Articles

54 Items

Blogtrepreneur/Flickr

Blogtrepreneur/Flickr

Journal Article - Nonproliferation Review

Solving the Jurisdictional Conundrum: How U.S. Enforcement Agencies Target Overseas Illicit Procurement Networks Using Civil Courts

| September 2018

Over the past two decades, the United States has increasingly turned to targeted sanctions and export restrictions, such as those imposed against Iran and North Korea, in order to curb the spread of weapons of mass destruction. One vexing problem, however, is how to contend with jurisdictional hurdles when the violations occur overseas, in countries that are unable or unwilling to assist US enforcement efforts. To solve this problem, US prosecutors are turning to strategies with significant extraterritorial implications—that is, exercising legal authority beyond national borders. One such tool is to use civil legal procedures to seize assets linked to sanctions or export-control violations in jurisdictions that lack cooperative arrangements with US enforcement agencies. While this may be an attractive strategy to bolster enforcement efforts against overseas illicit procurement, using such tools is not without consequence. This article explores the political, legal, and technical implications of enforcing extraterritorial controls against overseas non-state actors by exploring the recent uses of civil-asset forfeiture against Iranian and North Korean procurement networks.

Americans Aren’t as Averse to Using Nuclear Weapons as You Might Think

U.S. Department of Defense

Magazine Article - The Washington Monthly

Americans Aren’t as Averse to Using Nuclear Weapons as You Might Think

    Author:
  • Alex Caton
| Aug. 31, 2017

With U.S.-North Korea tensions heightened after weeks of fiery and furious rhetoric from President Trump and Kim Jong-un—pushing the world closer to nuclear conflict than it has been in decades—it’s worth taking a breath to consider what forces have kept the world’s nuclear-armed states from irradiating and annihilating each other in a shower of bombs.

Journal Article - Small Wars Journal

Twilight Zone Conflicts: Employing Gray Tactics in Cyber Operations

| October 27, 2016

"...[A]ctors that employ gray tactics in cyber operations need not be successful in actually infiltrating a system to further their revisionist ambitions. Rather, the sheer ramifications from the cyber action itself, has the power to disturb a nation's psyche and challenge the geopolitical status quo."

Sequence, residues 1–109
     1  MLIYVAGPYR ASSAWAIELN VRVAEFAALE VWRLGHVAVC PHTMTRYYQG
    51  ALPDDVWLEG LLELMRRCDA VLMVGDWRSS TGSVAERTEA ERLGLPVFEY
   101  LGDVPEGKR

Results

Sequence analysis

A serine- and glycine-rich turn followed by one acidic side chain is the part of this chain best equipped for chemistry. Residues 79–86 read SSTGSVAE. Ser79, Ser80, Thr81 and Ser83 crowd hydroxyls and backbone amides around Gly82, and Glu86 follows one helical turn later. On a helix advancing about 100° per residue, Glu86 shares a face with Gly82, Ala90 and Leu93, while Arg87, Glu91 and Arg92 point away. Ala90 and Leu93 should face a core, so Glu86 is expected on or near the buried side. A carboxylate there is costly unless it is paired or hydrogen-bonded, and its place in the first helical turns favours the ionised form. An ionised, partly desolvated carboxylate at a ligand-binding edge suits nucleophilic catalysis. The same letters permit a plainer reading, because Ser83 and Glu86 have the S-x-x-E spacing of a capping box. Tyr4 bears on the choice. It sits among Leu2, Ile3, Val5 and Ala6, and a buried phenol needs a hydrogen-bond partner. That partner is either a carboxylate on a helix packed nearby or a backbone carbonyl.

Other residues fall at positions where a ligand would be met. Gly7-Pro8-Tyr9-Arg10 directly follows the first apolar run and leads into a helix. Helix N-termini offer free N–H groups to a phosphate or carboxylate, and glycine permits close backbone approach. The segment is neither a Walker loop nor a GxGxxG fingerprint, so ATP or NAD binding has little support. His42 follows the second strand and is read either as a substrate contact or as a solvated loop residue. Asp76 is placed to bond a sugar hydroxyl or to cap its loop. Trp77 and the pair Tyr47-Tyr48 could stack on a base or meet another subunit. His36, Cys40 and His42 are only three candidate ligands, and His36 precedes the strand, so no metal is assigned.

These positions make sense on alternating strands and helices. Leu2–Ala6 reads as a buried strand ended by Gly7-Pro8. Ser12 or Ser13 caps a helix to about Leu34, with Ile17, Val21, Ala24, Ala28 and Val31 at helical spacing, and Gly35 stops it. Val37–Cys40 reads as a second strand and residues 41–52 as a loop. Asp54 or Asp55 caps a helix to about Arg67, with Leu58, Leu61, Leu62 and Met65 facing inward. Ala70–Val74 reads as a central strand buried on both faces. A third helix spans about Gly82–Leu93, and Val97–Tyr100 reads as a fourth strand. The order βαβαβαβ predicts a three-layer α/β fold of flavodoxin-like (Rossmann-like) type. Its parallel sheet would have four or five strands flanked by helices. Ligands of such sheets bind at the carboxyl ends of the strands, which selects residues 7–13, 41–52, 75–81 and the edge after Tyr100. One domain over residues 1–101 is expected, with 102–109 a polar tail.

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Magazine Article - Forbes

What Lifting Iran Sanctions Means For India

| January 28, 2016

The United Nations’ nuclear watchdog has certified Tehran’s compliance with the terms of a nuclear accord the United States, Iran and other world powers reached in April 2015. The historic agreement is aimed at curtailing Iran’s controversial nuclear program, and paves the way for longstanding sanctions against Tehran to be lifted. Sanctions targeting Iran, and particularly its lucrative energy sector, have crippled the country economically and isolated it diplomatically.

Ronak Desai examines what the lifting of Iran sanctions mean for India.

Chinese President Xi Jinping is displayed on a big screen in Beijing as Chinese battle tanks roll by during a Sept. 3, 2015 parade commemorating the 70th anniversary of Japan's surrender during World War II.

(AP Photo)

Magazine Article - The Atlantic

The Thucydides Trap: Are the U.S. and China Headed for War?

| September 24, 2015

The defining question about global order for this generation is whether China and the United States can escape Thucydides’s Trap. The Greek historian’s metaphor reminds us of the attendant dangers when a rising power rivals a ruling power—as Athens challenged Sparta in ancient Greece, or as Germany did Britain a century ago. Most such contests have ended badly, often for both nations, a team of mine at the Harvard Belfer Center for Science and International Affairs has concluded after analyzing the historical record. In 12 of 16 cases over the past 500 years, the result was war. When the parties avoided war, it required huge, painful adjustments in attitudes and actions on the part not just of the challenger but also the challenged.

US and Ukrainian soldiers stand guard during opening ceremony of the 'Fiarles Guardian - 2015', Ukrainian-US Peacekeeping and Security command and staff training, in western Ukraine, in Lviv region, Monday, April 20, 2015.

(AP Photo/Efrem Lukatsky)

Magazine Article - The National Interest

Russia and America: Stumbling to War

| May-June 2015

In the United States and Europe, many believe that the best way to prevent Russia’s resumption of its historic imperial mission is to assure the independence of Ukraine. They insist that the West must do whatever is required to stop the Kremlin from establishing direct or indirect control over that country. Otherwise, they foresee Russia reassembling the former Soviet empire and threatening all of Europe. Conversely, in Russia, many claim that while Russia is willing to recognize Ukraine’s sovereignty and territorial integrity (with the exception of Crimea), Moscow will demand no less than any other great power would on its border. Security on its western frontier requires a special relationship with Ukraine and a degree of deference expected in major powers’ spheres of influence. More specifically, Russia’s establishment sentiment holds that the country can never be secure if Ukraine joins NATO or becomes a part of a hostile Euro-Atlantic community. From their perspective, this makes Ukraine’s nonadversarial status a nonnegotiable demand for any Russia powerful enough to defend its national-security interests.